By Leith van Onselen Grand poohbah of the grey gouge, Robert Gottliebsen (“Gotti”) has launched another desperate attack on Labor’s franking credit reforms: Chris Bowen has sold the younger generation the proposition that stopping cash franking credits is fair. So they are not listening to their parents or anyone else… Many younger people do not
By Leith van Onselen A conga-line of economists have queued up to ridicule the Federal Budget’s heroic wage growth forecasts. Fairfax captures the mood: ANZ economists said the forecasts around wages were “overly optimistic”, adding that wage growth at that level “seems unlikely given the underlying assumption of stable employment at 5 per cent… AMP
By Leith van Onselen In 2005, former Treasurer Peter Costello implemented the mother of baby boomer bribes in the form of the “transition-to-retirement” (TTR) rules, which allowed those aged over 55 to legally minimise their tax by salary sacrificing up to $35,000 into a superannuation account and then simultaneously withdrawing the funds as income. In
Let’s hope so. Even Domain can’t get the quote it really wants today: Experts are hoping for more focus on housing policy from Opposition Leader Bill Shorten’s budget reply speech on Thursday evening than was offered in the budget itself. …Grattan Institute fellow Brendan Coates offered cautious backing for the proposed tax reforms. “Those are
As expected, via Domain: Behind Labor’s new tax stance is an estimate that almost half the cuts announced in the last two budgets, worth a combined $302 billion over 10 years, go to those on higher incomes. Mr Shorten will intensify the fight over the fairness of the tax relief by outlining more help for
By Leith van Onselen Yesterday, we lashed the federal government for excluding unemployed Australians from receiving one-off payments to compensate for rising energy costs, as well as refusing to lift the base rate of Newstart. Thankfully, the Coalition has preformed a backflip this morning, extending the energy payment to Newstart recipients: Just over 12 hours after
By Leith van Onselen While Brisbane has avoided the type of property price declines seen in Sydney, Melbourne and Perth: Sales volumes have tanked by 27% from their February 2016 peak: Together, this has driven a sharp $1.3 billion downgrade in projected stamp duty receipts for QLD’s Budget. From The ABC: The Queensland budget will
By Leith van Onselen Last night’s Federal Budget trumpeted the $100 billion of earmarked infrastructure spending over the next 10 years, which Treasurer Josh Frydenberg claimed would “ease congestion in our cities… unlock the potential of our regions… better manage population growth… [and] improve safety on our roads”. As I noted last night, “this level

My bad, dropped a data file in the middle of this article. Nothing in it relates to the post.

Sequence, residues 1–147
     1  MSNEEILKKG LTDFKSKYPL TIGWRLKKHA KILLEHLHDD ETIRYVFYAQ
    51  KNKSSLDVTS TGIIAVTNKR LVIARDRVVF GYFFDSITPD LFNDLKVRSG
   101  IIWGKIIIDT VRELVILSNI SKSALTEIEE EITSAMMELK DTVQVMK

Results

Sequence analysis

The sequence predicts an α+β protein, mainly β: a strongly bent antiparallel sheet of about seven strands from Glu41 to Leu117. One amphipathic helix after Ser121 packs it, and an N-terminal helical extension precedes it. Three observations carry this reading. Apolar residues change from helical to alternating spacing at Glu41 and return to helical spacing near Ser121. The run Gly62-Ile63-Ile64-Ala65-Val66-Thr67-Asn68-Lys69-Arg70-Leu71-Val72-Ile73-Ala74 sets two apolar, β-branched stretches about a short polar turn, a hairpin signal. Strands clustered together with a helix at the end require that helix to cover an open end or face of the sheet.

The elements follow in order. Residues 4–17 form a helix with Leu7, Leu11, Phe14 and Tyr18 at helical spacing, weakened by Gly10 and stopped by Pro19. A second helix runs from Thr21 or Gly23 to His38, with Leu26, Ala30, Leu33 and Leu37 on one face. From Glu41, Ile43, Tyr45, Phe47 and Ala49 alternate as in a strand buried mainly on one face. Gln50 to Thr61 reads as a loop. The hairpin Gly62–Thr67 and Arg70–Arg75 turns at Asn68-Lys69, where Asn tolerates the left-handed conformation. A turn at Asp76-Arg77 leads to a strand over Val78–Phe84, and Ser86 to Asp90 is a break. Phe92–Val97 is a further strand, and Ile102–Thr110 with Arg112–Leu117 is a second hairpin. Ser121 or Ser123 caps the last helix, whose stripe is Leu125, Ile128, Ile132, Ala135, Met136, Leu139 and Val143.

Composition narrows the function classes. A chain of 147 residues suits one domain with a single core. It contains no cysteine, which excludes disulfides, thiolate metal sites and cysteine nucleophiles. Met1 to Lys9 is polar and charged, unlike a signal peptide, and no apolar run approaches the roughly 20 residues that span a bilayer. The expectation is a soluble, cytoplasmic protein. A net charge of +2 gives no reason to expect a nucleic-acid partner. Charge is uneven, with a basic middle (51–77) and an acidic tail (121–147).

Via UBS: Implications: smaller than expected stimulus raises risk of early/more RBA cuts Overall, as we flagged, the Budget improved modestly due to higher commodities & fiscal conservatism, with the surplus profile supporting the AAA. Household tax cuts & handouts were much smaller than expected; while infrastructure & public demand slow sharply. With credit tightening
By Leith van Onselen Ever since the Morrison Government announced that it would cut Australia’s permanent migrant intake to 160,000 in order to “relieve congestion in the cities”, MB has declared it a fake cut. This view is based on the fact that while the permanent intake has been reduced moderately, the government has opened
Via Banking Day: Aggrieved financial services consumers might have to wait several years before regulators are adequately resourced to mount court actions against misbehaving and negligent institutions. While community expectations are high that ASIC will launch a wave of civil and criminal actions against financial institutions over the next 12 months, the truth is that
The parasites at Domain are upset: Remember the housing affordability budget? In only two years, Australia’s housing market has gone from a boom that required urgent intervention to help prospective buyers – to a slowdown that poses risks for the economic outlook. This year’s federal budget contains little to help those who still can’t get
Forget the big headlines, say Westpac: The 2019 Australian Federal Budget confirms that the underlying cash balance is set to return to surplus in 2019/20. This follows 11 consecutive years of deficit and will be the first surplus since 2007/08, ahead of the GFC impact. The surplus for 2019/20 has been upgraded by $2.9bn since
Here they are: OK, so the external prices are pretty good. Iron ore is unchanged from $55FOB which is more like $65CFR. The events surrounding Vale make that conservative for the next year, probably about right for 2020/21 and too high the following year as China slows. Coking coal prices of $150 within one year
By Leith van Onselen Peeling away the spin, tonight’s Federal Budget delivered by Treasurer Josh Frydenberg was a fairly dull affair. If you believe the forecasts, the Budget will magically catapult into surplus next financial year, with bigger surpluses projected over the forward estimates: While Houses & Holes will analyse these numbers separately, all I
By Leith van Onselen Nine months ago, the outgoing chief executive of Infrastructure Australia (IA), Philip Davies, urged the federal government to proceed with a road pricing inquiry or risk facing a revenue crisis: [Davies] said road pricing models will cause “a crisis down the track” because petrol and diesel energies are becoming more efficient and
By Leith van Onselen You would be hard pressed to find a bigger racket than Australian pharmacies. How many any other industries in Australia have had laws implemented that ban new entrants from opening within 1.5 kilometers of an existing business? How many other industries allow only registered professionals in the field to own and
By Leith van Onselen The Parliamentary Budget Office has released new analysis predicting that Australia’s ageing population will see government revenue fall by around $20 billion within the next 10 years. This is due to reduced workforce participation, which results in less people paying tax, whereas spending on the aged is tipped to rise by